This settlement resolves federal and state securities law claims based on misrepresentations in the offering documents for 14 RMBS purchased by the three failed banks. As receiver for failed financial institutions, the FDIC may sue professionals and entities whose conduct resulted in losses to those institutions in order to maximize recoveries. For those at home keeping track, as of December 31, 2015, the FDIC has filed 19 RMBS lawsuits on behalf of eight failed institutions seeking damages for violations of federal and state securities laws. This settlement, which resolves all of the FDIC’s RMBS claims against Morgan Stanley that were brought in those lawsuits, was reached in coordination with the U.S. Department of Justice.
The Law Offices of Peter N. Brewer published an article relating to Liquidated Damages. A liquidated damage clause in a real estate transaction can allow the seller and buyer to come to an agreement, minimizing the likelihood of a dispute to arise. The agreement would entail an amount of damages to be awarded to the seller if the transaction fails due to the buyer’s breach. In order for a liquidated damage clause to be valid, the funds defined as liquidated damage must be a “reasonable estimate” of the seller’s loss and for most properties, the amount cannot be more than 3 percent of the sales price. Then the liquidated damages provision would need to satisfy special format requirements and must be signed by both parties involved in the purchase contract. The courts are then responsible for determining if the liquidated damages clause is enforceable. A liquidated damage clause can provide certainty regarding the amount a buyer may lose when a transaction fails.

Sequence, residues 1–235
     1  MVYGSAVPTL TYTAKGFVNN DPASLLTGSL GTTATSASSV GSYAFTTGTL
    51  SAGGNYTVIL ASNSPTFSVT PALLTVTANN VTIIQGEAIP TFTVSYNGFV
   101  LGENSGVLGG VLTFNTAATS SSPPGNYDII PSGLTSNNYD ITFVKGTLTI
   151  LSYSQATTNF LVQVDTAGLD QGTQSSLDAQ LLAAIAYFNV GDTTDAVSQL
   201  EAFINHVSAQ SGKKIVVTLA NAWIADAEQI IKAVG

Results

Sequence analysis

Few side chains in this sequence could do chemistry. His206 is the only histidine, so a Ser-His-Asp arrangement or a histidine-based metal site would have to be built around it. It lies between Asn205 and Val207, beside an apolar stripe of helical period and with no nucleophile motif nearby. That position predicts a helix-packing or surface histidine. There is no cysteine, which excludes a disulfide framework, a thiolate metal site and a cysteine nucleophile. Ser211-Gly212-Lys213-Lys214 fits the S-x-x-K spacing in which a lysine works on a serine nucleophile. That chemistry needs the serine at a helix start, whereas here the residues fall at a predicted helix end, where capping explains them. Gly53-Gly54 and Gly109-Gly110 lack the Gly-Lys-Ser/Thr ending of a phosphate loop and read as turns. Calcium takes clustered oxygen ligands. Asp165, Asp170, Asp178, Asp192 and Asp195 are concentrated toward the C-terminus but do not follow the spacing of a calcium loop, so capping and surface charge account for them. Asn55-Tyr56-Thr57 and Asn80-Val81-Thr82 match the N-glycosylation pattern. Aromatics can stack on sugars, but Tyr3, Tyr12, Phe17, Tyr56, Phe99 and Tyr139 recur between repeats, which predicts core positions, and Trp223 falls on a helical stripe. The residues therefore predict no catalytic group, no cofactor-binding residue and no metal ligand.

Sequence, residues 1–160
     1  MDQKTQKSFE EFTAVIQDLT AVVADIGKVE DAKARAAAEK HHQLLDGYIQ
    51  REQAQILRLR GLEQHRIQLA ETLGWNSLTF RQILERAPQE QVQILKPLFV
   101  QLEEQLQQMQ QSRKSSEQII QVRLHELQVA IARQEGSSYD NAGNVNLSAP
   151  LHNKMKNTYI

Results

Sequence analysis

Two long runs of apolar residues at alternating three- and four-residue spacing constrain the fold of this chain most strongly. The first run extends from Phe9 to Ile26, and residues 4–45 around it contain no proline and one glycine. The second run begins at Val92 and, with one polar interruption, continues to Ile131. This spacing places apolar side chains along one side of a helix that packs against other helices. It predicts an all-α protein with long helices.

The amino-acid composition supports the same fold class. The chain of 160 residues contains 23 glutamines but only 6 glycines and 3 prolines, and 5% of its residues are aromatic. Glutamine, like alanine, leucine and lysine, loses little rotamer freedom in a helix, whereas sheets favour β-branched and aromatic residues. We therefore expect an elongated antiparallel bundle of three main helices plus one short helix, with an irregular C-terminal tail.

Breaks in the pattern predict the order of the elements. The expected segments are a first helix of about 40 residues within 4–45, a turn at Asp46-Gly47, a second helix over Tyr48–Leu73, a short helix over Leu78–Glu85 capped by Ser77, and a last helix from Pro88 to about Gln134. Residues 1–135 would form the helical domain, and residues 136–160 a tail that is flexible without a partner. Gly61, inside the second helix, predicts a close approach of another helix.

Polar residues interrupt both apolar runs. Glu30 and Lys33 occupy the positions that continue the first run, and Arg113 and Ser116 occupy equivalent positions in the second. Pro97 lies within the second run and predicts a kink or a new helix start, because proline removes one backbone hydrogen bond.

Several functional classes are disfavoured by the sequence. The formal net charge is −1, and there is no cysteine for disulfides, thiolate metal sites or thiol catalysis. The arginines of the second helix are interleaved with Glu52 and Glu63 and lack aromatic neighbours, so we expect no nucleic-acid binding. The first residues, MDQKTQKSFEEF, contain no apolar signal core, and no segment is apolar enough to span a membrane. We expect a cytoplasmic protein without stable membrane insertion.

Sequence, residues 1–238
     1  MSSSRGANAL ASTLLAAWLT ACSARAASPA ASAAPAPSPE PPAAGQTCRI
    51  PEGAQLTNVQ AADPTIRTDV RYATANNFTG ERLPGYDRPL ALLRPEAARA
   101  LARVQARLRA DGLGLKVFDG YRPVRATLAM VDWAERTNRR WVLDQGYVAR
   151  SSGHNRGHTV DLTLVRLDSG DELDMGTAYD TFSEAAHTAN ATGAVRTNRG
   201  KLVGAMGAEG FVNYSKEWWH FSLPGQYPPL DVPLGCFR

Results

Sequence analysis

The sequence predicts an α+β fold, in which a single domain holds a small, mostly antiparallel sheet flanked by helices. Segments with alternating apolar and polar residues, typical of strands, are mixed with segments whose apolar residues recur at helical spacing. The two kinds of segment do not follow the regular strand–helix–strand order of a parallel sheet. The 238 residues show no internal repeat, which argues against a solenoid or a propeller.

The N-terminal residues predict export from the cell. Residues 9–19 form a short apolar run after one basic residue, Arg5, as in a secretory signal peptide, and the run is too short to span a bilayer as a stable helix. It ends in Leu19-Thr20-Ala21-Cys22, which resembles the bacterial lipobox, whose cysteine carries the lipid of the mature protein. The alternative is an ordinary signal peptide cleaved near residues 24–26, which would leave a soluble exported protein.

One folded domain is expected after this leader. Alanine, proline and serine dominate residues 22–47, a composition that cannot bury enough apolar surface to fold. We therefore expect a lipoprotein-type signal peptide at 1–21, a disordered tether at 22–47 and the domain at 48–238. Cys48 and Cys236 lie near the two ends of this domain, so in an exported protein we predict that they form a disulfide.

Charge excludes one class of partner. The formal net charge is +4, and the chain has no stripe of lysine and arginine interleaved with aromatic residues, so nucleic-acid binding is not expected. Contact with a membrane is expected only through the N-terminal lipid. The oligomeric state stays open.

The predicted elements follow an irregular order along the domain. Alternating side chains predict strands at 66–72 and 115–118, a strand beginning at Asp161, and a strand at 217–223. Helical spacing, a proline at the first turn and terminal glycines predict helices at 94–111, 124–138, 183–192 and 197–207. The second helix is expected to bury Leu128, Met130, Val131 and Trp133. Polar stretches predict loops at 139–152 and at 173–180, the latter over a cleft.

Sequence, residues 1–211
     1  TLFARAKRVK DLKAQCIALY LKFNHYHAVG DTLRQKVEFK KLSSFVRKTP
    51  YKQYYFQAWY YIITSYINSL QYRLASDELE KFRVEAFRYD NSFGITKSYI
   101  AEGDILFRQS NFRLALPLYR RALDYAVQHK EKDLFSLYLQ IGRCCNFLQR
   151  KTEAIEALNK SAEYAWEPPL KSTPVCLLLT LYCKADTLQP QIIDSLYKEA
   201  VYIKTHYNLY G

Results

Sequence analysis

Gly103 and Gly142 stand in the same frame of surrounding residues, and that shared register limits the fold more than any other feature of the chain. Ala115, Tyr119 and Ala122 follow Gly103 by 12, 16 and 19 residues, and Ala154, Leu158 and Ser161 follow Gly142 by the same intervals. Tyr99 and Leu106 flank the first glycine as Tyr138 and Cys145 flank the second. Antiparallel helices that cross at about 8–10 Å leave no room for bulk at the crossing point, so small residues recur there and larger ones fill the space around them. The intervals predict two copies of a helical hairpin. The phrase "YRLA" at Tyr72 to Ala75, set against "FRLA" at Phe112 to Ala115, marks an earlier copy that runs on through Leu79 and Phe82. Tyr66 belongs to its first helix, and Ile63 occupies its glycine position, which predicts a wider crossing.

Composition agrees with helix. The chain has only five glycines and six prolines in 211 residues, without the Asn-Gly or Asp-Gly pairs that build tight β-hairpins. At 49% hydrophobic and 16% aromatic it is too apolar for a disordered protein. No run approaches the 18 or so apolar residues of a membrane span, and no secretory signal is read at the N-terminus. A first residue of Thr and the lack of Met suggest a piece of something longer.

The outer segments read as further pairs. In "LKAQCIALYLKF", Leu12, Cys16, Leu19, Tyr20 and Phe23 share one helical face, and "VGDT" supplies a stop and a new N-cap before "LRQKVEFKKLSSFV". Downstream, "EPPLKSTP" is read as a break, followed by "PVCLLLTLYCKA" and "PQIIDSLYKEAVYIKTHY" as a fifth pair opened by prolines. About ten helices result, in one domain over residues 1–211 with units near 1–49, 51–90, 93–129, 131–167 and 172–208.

In state news the Commonwealth of Virginia is poised to adopt changes to their residential mortgage settlement agent regulations (Chapter 395, Title 14 of the VA Administrative Code). The new regulations, which exempt law firms, currently require “settlement agents” to register with the state and maintain insurance, a fidelity bond and a trust account. Proposed changes seek to broaden the definition of who is considered a “settlement agent” to include anyone who “provides escrow, closing or settlement services” that may sweep notary closers into the mix if they have access to funds at the closing since they sometimes “handle money” by receiving and delivering checks. It also appears to require any contractor utilized by a settlement firm to be registered with the state; it is not enough that the firm for which they work is registered. The proposed new regulations also would prohibit “duplicative” and “inflated” fees. Of most concern for many settlement firms operating in Virginia, the changes would impute liability to anyone who hires an outside contractor (notary, escrow or settlement agent) who then causes harm to a lender or consumer. Lastly agents who close up shop would be required to file a report with the state within 60 days and within 180 days provide a close out report of their trust account.
Andrew Liput, CEO of Secure Insight, offered “we are seeing the move towards greater regulatory scrutiny and enhanced licensing requirements for settlement agents nationwide, as well as the demand for greater scrutiny of third parties retained by title, escrow and settlement firms to conduct closing services who then access lender documents, consumer data, and transaction proceeds. This is a logical and inevitable step forward from the CFPB’s third party vendor management directives first issued back in 2012.”
And vendors are happy to oblige. As an example, Mortgage Builder, a provider of mortgage loan origination and servicing software systems, announced its new Closing Conduit module. Closing Conduit is offered as an add-on module to the Mortgage Builder Loan Origination System (LOS) and “can significantly improve the collaborative process between lenders, settlement agents and other third parties as they finalize closing disclosures. Home closings are more efficient because loan originators do not need to exit the Mortgage Builder LOS as disclosures are finalized and more accurate because data is shared electronically. Closing Conduit can also help lenders, title companies and other parties involved in the closing process to comply with CFPB regulations by maintaining an audit log of the settlement-related transactions including comments shared between participants.”